For additional information: http://www.gsa.gov

[Guest Post] Michelle Velez, part 3

Below is a guest post by Michelle Velez, LAS ’14, Environmental Science and Spanish Major.

profile_bird_sanctAs a Spanish Interpreter Intern for the Villanova Law School, I spent this morning observing and assisting in a deposition involving a Spanish-speaking foreman for a demolition project in a building damage case. It was a very unique opportunity to be able to observe and advise a professional translator in her work, as well as to see the deposition process firsthand.

While the city representatives, seasoned defense lawyer and defendants were looking for a quick deposition, difficult translations, tedious details, and law students nervous for their first deposition made for a tense situation.

The translating aspect of the deposition was quite amazing. The translator, a woman from Puerto Rico, had been a certified legal translator for eight years. I was amazed by the speed with which she relayed the questions posed by the students and the answers given by the defendant. I was elated to find that I could follow the conversation word for word (although I most certainly could not have translated as accurately and quickly as she did). I was even called upon for clarification a few times when a word or phrase was misinterpreted or miscommunicated. I made a point to talk with the translator afterwards to commend her and thank her for being patient with my assistance. She thought I was a certified translator and was surprised to discover I was simply a student intern. I’m glad I spoke with her afterwards because I was able to tell her how I admired her work, and she confided in me that she had felt nervous the whole time. Although she admitted to being nervous, she seemed perfectly calm and focused during the arduous deposition.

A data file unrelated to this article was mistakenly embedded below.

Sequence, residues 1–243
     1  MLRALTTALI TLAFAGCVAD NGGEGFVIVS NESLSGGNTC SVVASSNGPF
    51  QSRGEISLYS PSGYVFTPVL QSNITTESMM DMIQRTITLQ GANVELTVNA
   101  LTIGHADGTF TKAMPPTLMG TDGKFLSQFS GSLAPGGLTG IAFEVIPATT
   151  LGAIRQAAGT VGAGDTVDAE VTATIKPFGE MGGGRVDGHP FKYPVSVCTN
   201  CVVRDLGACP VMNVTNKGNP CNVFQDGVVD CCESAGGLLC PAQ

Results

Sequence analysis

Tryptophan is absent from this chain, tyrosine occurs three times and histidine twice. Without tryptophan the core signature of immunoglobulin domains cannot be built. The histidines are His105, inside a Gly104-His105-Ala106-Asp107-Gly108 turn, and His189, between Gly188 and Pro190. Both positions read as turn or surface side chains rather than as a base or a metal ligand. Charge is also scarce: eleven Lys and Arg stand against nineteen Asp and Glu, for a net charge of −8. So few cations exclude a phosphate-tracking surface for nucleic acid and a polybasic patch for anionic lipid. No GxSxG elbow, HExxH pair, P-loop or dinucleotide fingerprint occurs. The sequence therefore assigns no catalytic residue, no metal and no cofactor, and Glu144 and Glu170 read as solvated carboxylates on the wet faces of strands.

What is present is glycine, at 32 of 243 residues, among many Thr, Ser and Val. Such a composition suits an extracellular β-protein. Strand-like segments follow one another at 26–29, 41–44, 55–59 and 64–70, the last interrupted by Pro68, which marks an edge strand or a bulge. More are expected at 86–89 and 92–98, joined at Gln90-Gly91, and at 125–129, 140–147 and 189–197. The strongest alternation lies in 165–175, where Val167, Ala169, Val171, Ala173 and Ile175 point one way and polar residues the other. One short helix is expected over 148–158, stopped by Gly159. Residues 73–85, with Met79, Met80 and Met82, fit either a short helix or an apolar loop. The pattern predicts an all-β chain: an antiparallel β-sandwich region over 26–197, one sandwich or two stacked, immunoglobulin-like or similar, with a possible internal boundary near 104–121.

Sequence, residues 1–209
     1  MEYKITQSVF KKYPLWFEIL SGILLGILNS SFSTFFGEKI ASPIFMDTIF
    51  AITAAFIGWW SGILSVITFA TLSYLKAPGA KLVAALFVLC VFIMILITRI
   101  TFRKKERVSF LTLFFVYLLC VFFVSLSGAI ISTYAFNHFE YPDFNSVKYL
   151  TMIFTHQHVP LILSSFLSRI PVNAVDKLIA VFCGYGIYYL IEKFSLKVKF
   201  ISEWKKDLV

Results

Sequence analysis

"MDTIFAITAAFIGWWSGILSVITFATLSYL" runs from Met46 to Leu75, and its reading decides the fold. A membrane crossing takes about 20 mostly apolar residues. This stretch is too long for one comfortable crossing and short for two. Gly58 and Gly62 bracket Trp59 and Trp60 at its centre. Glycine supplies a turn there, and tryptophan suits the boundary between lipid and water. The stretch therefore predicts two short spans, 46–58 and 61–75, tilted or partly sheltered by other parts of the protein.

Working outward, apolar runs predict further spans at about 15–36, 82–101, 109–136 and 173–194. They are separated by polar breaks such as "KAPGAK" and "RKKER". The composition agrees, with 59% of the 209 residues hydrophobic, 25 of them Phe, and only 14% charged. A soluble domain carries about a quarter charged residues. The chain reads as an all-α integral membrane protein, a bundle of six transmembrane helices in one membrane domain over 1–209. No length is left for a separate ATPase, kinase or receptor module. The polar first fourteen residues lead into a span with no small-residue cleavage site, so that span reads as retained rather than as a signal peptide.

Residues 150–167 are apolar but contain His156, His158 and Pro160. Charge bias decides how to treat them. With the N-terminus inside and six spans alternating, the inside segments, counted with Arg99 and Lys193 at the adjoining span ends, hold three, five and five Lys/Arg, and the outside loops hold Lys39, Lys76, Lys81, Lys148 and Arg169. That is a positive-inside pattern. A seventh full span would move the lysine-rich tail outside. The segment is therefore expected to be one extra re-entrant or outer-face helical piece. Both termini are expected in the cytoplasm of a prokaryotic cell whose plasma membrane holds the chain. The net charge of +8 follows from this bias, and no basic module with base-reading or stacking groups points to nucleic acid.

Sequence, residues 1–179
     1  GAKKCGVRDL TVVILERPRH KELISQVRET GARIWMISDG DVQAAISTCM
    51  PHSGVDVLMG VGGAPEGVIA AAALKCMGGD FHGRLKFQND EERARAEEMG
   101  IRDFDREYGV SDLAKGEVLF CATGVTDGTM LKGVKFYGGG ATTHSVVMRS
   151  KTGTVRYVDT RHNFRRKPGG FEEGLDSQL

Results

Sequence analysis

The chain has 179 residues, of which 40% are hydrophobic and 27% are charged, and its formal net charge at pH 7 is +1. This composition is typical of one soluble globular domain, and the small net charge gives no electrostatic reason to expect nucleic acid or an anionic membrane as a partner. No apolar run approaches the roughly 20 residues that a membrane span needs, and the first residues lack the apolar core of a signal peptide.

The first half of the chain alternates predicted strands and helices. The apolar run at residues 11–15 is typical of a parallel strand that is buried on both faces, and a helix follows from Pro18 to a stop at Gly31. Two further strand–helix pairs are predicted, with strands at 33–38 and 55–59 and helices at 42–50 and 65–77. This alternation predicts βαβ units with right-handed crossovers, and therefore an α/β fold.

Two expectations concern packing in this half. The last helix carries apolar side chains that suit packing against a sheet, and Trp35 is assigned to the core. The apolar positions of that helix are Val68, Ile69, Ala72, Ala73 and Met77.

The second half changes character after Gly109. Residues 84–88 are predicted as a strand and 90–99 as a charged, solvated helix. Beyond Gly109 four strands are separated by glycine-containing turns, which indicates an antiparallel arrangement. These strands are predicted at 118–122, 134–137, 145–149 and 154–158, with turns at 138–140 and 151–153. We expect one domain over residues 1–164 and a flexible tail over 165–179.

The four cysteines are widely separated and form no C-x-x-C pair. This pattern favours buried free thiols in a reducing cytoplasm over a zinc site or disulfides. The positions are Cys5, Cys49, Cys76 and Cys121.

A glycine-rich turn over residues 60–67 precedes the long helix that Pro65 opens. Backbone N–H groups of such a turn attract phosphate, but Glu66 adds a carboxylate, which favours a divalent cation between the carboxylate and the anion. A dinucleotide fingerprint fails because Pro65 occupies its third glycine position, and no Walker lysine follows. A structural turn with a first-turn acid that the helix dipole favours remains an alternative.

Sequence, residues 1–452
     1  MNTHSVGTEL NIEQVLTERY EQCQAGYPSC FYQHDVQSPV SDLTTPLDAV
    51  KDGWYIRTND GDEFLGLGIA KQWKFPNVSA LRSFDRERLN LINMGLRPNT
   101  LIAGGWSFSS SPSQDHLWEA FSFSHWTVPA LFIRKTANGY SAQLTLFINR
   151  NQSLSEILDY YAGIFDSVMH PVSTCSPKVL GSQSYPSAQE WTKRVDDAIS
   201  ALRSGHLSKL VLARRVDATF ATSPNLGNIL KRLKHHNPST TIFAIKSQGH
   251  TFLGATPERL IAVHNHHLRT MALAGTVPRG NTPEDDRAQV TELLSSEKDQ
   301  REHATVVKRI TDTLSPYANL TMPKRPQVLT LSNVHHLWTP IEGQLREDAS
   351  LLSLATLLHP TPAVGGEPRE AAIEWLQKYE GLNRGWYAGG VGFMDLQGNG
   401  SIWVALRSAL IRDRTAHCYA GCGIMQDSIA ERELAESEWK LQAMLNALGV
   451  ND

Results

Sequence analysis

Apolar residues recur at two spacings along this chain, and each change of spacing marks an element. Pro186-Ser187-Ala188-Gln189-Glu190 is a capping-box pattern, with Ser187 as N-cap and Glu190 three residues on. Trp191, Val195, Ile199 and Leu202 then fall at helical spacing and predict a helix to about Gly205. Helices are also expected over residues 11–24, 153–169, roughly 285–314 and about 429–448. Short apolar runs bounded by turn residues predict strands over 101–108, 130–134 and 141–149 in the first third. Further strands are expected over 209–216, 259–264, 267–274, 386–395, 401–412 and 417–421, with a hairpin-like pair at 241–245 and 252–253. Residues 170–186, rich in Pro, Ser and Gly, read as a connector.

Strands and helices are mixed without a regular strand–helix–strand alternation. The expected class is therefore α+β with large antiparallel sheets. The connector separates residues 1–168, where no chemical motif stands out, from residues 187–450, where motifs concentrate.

The foreman’s responses often included Spanglish words as well as names of specific construction tools that were difficult to translate on the spot. The most interesting Spanglish words were “la fensa” for “fence” (instead of “la cerca”) and “el rufo” for “roof” (instead of “el techo”). Technical terms and phrases were also difficult to translate, such as “the party wall,” which referred to the shared wall between two row houses. The defendant also often interjected English words into his sentences, such as “backhoe,” which made it difficult to follow if you did not realize he had switched languages. It was incredible to see translating in action and I am thankful to have had the opportunity to observe and offer some help with a difficult translation.